Numerous terms such as rapid prototyping, 3D printing, SLS, SLM, DMLS, laser melting and additive manufacturing buzz through design offices, development departments and production facilities. Common to all of them is the principle of the generative production of three-dimensional bodies layer by layer. In the beginning, it was wax models or prototypes made of plastic, but, now, components of the highest demands are made immediately in metal. Application examples for the measurement technology, medical technology, watch and jewelry industry, as can be seen at relevant trade fairs such as Formnext or EPHJ, show that this is also possible with precious metal powders. The range of materials ranges from technical alloys, for example based on platinum, to classic jewelry alloys such as 18-carat gold alloys or special material developments with special properties such as PlatinGold® . In an exclusive interview with the renowned artist Silvia Weidenbach, we talk about the advantages of additive manufacturing with precious metal powders for jewelry making and the possibilities for designers.
Silvia Weidenbach, in your work you create a balancing act between traditional goldsmithing techniques and modern digital techniques. What is your everyday professional life like?
It all started in classic silversmithing with traditional 2D designs and processing three-dimensional everyday silver objects such as teapots and bowls. Due to my curiosity regarding new design options, I gradually added digital techniques such as haptic input devices for free, intuitive modeling as well as 3D printing with wax, plastic and ceramics. Today, I am fascinated by the possibility of being able to design in virtual reality (VR). For this, I use VR glasses to immerse myself in my objects and to design them from the inside out – like a genie in a bottle!
Where do you see the advantages of additive manufacturing in jewelry design?
I think the biggest advantage is the batch size 1 as this allows me to test individual designs, manufacture small quantities or go into serial production. Small businesses and designers in particular can benefit from individual jewelry!
Due to the reusability of the residual powder, the material investment is very low and the technology is also pleasantly sustainable.
In addition, there are new design options due to the possibility of adapting the surface properties, which creates a very unusual and, at the same time, attractive aesthetic.
„Hyperlink“ cufflinks – A convincing example of additive manufacturing from precious metal powders
Her latest project is the „Hyperlink“ cufflinks: cufflinks made of platinum gold precious metal powder in a timeless and at the same time advanced jewelry design. „Hyperlink“ cufflinks are a good example of modern jewelry design using additive manufacturing, can you elaborate on this?
The peculiarities of additive manufacturing such as short development cycles, batch size 1, the extraordinarily high material efficiency and creative freedom offer great innovation potential. In cooperation with C.HAFNER, we wanted to show the maximum use of these advantages in one project, and that’s how the cufflinks came about.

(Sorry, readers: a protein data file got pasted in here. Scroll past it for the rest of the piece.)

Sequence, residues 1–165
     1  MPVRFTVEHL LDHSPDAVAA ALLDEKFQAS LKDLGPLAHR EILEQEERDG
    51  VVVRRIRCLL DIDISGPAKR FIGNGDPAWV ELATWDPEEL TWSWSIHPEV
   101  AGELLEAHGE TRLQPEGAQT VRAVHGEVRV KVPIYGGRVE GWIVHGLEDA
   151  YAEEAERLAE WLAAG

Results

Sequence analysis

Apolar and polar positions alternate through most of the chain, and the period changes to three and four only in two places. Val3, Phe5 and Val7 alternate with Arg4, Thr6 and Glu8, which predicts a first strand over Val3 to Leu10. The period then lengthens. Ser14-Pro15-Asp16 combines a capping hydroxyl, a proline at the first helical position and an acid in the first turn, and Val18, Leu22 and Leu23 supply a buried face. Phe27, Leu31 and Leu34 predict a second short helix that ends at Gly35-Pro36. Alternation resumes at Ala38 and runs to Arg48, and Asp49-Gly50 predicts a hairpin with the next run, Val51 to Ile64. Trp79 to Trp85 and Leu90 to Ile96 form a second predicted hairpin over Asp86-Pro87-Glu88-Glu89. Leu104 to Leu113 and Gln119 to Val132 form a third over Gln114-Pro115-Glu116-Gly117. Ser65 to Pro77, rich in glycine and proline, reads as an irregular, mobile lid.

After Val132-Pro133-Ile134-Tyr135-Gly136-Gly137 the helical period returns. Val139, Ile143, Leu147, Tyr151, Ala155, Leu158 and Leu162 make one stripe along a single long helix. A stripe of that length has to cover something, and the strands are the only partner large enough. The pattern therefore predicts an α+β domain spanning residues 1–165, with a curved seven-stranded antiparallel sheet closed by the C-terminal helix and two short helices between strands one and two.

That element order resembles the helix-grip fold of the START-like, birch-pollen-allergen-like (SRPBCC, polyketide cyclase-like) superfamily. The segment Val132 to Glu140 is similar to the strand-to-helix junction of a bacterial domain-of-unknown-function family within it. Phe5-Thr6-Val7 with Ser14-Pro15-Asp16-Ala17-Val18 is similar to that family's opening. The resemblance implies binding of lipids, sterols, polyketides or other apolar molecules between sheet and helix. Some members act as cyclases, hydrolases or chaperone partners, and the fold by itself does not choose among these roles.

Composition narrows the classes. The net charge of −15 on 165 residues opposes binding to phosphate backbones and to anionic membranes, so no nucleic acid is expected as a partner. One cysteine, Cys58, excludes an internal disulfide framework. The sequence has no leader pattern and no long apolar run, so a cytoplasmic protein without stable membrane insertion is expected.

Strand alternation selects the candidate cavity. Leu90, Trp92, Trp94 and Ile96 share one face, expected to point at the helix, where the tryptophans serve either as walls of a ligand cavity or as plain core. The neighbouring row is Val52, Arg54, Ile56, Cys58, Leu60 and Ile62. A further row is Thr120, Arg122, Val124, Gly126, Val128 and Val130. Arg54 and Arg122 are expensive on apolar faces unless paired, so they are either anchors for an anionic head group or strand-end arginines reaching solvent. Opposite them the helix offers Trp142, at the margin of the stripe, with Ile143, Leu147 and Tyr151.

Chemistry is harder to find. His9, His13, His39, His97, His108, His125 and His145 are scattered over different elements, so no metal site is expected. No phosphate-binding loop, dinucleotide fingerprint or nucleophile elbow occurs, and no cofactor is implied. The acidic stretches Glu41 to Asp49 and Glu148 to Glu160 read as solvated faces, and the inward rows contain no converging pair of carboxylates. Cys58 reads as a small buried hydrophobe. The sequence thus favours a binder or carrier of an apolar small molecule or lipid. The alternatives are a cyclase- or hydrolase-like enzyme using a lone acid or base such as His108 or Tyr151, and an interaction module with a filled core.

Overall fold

The short production time of the raw hyperlinks of around 2 hours for 1 pair of individual cufflinks was impressive compared to investment casting.
The design was created virtually using digital tools that offer the highest degree of design freedom. Compared to typical technical design programs, programs such as mesh mixers have no limits for free forms. Functional features can also be integrated directly where assemblies are usually required. It is the same in the example of the cufflinks, which already contain the closing mechanism as a single part. In the final constellation, the cuff head, bridge, hinge and clasp are manufactured in one step, so that it is not necessary to assemble the head with a multi-part fitting.
The path from virtual design to jewelry is relatively short in additive manufacturing with metal powders compared to investment casting. The data is processed in a completely digital process chain and, ultimately, the jewelry is converted directly into precious metal using 3D printing.
You can get your own picture of the hyperlinks in PlatinGold® at our future exhibitions and at Silvia Weidenbach! At the latest exhibition in the Munich art pavilion as part of the international jewelry fair, COVID-19 only gave them a short opportunity to do so. But the hyperlinks can be seen again from 12 May 2020 at Silvia Weidenbach’s exhibition “Cool in the Pool” in Deutsches Goldschmiedehaus (German House of Goldsmiths) in Hanau or, at the latest, when the EPHJ doors open in Geneva this September.
What potential does 3D printing have outside the box?
Here, I see great opportunities for interdisciplinary dialogue, the combination of established and innovative techniques and the almost limitless possibilities in creativity. This requires the interaction of open and courageous designers, constructors, developers and producers in a harmonious orchestra to realize new ideas. This synergy has unlimited potential!
Would you like to send a request to potential users?
Curiosity, imagination and a respectful approach to cultural heritage are important to me. Building on this, we can master the future virtuously with new possibilities!
We thank Silvia Weidenbach for this open discussion and the inspiring collaboration!
Silvia Weidenbach Jewelry:
Silvia Weidenbach is an award-winning artist and a leading representative in the use of 3D printing in jewelry making. It uses both historical techniques and new technologies and combines them into unique pieces that could not be realized with conventional techniques. She explores shape, complexity and color to develop a completely new aesthetic for jewelry in the 21st century.